- Dime Building
Dime Building General information Type Commercial offices Location 719 Griswold Street
Coordinates Coordinates: Completed 1912 Renovated 2002 Height Roof 99 m (325 ft) Technical details Floor count 23 Design and construction Architect Daniel Burnham Renovating team Architect Barton MalowDime Building Architectural style: Neo-Classical Governing body: Private Part of: Detroit Financial District (#09001067) Designated CP: December 14, 2009 References 
The Dime Building is a skyscraper class-A office building located in downtown Detroit, Michigan. It is adjacent to the Penobscot Building in the heart of the Detroit Financial District. The building stands 23 stories tall, with eight elevators, and was constructed between 1910 and 1912. It is used as an office building with retail space on the street level. The tower was designed in the Neo-Classical style by Daniel Burnham. The steel-framed structure is faced with white glazed brick and terra cotta trim. The most distinctive feature is the central light court which begins on the third floor and creates a U-shaped floor plan on the upper office floors. The main banking hall occupied the space below the light court and featured a large skylight.
In a subsequent renovation, the lower two floors were refaced with gray granite and a pediment above the central entrance and cornice were removed. For several years through 1983, the building housed the headquarters of Bank of the Commonwealth until the bank merged with Comerica. In 2002, a $40-million renovation was completed. When completed in 1912, the tower was named the Dime Savings Bank Building for its primary tenant. It was later renamed the Commonwealth Building, briefly known as Griswold Place and became the Dime Building in 2002.
Penobscot Building left, with the Dime
- ^ Dime Building at Emporis
- ^ Dime Building at SkyscraperPage
- ^ Dime Building at Structurae
- ^ Rebecca Mazzei (30 November 2005). "Still Standing". Metro Times. http://www.metrotimes.com/editorial/story.asp?id=8550. Retrieved 27 September 2010.
- ^ Meyer, Katherine Mattingly and Martin C.P. McElroy with Introduction by W. Hawkins Ferry, Hon A.I.A. (1980). Detroit Architecture A.I.A. Guide Revised Edition. Detroit: Wayne State University Press. ISBN 0-8143-1651-4.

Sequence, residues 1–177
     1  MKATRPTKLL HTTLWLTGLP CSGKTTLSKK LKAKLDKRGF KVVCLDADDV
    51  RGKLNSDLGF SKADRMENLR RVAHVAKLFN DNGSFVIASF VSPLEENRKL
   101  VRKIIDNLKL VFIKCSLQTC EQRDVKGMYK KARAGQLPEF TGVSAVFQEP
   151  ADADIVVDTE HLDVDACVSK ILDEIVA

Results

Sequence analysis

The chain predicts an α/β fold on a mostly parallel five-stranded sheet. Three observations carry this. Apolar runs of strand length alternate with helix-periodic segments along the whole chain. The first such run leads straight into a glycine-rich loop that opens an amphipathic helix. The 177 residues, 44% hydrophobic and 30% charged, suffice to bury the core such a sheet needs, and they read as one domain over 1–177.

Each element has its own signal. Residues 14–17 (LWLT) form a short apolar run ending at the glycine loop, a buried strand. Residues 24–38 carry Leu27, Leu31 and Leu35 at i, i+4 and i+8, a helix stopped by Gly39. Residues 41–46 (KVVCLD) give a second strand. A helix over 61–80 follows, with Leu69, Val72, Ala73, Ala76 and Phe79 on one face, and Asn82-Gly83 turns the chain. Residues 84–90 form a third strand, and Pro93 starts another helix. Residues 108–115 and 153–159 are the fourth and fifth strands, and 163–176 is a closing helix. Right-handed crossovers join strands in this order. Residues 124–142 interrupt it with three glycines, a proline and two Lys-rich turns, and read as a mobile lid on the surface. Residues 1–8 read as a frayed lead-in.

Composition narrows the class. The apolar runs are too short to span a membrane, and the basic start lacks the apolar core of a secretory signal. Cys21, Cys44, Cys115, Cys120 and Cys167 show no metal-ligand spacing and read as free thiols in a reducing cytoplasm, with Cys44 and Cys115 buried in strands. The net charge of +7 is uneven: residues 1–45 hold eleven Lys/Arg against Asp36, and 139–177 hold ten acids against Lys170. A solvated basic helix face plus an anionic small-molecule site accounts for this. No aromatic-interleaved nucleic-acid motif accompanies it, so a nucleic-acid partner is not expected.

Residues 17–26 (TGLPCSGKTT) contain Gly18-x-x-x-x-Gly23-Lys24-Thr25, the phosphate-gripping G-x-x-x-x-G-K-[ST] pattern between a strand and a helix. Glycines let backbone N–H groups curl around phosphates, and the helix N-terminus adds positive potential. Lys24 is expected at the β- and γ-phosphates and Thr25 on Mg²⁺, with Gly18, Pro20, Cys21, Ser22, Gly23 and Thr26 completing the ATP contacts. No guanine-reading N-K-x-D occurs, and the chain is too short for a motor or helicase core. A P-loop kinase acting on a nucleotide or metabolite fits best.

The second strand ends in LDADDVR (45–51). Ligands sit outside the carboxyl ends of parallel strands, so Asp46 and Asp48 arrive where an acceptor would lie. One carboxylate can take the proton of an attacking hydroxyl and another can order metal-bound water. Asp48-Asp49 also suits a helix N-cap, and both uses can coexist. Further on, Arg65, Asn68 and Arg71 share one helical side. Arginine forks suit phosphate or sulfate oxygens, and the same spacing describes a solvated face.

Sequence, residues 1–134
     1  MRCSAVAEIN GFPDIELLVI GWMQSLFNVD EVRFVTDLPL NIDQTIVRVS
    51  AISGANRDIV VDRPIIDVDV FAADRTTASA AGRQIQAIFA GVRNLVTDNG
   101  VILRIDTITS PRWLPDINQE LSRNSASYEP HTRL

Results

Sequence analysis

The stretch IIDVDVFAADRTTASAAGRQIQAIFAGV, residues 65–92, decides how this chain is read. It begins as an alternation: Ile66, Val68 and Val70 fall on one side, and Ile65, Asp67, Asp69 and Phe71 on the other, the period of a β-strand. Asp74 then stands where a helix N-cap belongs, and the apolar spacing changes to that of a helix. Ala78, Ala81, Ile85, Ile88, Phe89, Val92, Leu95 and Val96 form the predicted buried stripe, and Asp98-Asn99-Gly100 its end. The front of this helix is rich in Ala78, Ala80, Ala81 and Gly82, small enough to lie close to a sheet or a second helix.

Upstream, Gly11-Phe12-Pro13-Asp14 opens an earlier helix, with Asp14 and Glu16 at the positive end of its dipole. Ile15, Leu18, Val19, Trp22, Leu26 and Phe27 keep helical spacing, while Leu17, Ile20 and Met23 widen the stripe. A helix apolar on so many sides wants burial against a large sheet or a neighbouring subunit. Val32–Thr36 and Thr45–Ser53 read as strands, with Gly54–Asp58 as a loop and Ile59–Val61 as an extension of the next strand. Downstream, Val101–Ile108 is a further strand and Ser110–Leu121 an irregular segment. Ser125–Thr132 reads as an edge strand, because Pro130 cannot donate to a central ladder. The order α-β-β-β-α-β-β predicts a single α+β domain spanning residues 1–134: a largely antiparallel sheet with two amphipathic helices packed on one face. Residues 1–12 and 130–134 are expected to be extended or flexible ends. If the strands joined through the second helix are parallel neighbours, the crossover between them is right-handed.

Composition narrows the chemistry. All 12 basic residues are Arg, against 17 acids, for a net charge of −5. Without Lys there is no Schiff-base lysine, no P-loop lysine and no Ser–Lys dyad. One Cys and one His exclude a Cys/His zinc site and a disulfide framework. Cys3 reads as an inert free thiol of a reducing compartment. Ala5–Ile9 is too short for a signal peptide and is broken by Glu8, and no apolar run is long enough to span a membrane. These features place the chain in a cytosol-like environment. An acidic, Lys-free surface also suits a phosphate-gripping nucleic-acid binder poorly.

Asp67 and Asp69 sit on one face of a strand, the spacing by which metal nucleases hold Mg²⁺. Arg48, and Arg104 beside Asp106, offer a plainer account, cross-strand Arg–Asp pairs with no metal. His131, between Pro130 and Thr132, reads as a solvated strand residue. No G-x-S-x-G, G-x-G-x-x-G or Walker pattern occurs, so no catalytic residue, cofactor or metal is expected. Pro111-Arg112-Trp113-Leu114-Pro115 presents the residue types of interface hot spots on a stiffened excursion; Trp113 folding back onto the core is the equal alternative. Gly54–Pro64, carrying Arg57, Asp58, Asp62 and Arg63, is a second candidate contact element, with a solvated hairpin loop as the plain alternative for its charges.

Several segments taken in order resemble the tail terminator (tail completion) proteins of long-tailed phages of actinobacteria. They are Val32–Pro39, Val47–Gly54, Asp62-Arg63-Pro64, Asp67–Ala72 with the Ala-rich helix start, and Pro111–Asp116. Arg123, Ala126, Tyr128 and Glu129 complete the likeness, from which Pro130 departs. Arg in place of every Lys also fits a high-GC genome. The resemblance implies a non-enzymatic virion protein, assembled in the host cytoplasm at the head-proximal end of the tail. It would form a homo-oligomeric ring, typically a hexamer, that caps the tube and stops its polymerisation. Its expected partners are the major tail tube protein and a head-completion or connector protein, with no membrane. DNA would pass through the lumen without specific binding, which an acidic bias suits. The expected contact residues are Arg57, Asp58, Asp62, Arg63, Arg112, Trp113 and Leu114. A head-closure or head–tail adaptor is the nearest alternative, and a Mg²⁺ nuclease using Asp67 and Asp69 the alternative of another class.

- ^ John Gallagher (21 June 2011). "Quicken Loans' Dan Gilbert adds Dime Building to downtown Detroit holdings". Detroit Free Press (www.freep.com). http://www.freep.com/article/20110621/BUSINESS06/110621016/Quicken-Loans-Dan-Gilbert-adds-Dime-Building-downtown-Detroit-holdings?odyssey=tab. Retrieved 2011-06-21.
- Hill, Eric J. and John Gallagher (2000). AIA Detroit: The American Institute of Architects Guide to Detroit Architecture. Wayne State University Press. ISBN 0-8143-1651-4.
- Moore, Charles (1921). Daniel H. Burnham, Architect, Planner of Cities, Volume 2. Houghton Mifflin.
- Sharoff, Robert (2005). American City: Detroit Architecture. Wayne State University Press. ISBN 0-8143-3270-6.
U.S. National Register of Historic Places Topics Lists by statesAlabama • Alaska • Arizona • Arkansas • California • Colorado • Connecticut • Delaware • Florida • Georgia • Hawaii • Idaho • Illinois • Indiana • Iowa • Kansas • Kentucky • Louisiana • Maine • Maryland • Massachusetts • Michigan • Minnesota • Mississippi • Missouri • Montana • Nebraska • Nevada • New Hampshire • New Jersey • New Mexico • New York • North Carolina • North Dakota • Ohio • Oklahoma • Oregon • Pennsylvania • Rhode Island • South Carolina • South Dakota • Tennessee • Texas • Utah • Vermont • Virginia • Washington • West Virginia • Wisconsin • Wyoming Lists by territories Lists by associated states Other Category:National Register of Historic Places • Portal:National Register of Historic Places Timeline of the tallest buildings in Michigan
Frank & Seder Building (41 m) (1881) · Hammond Building (46 m) (1889) · Detroit Savings Bank Building (49 m) (1895) · Majestic Building (67 m) (1896) · Ford Building (83.8 m) (1909) · Penobscot Building Annex (94.5 m) (1913) · Dime Building (98.6 m) (1913) · Book Cadillac Hotel (106.4 m) (1924) · Buhl Building (111.6 m) (1925) · Book Tower (144.8 m) (1926) · Greater Penobscot Building (172.2 m) (1928) · Renaissance Center Marriott (221.5 m) (1977)
Architecture of metropolitan Detroit Skyscrapers10 tallest
to 73 stories20 tallest30 tallest40 tallest50 - 195 tallest60 - 195 tallest70 - 195 tallestNew Center
to 30 storiesEast side
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under 10 stories
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See also: List of tallest buildings in Detroit
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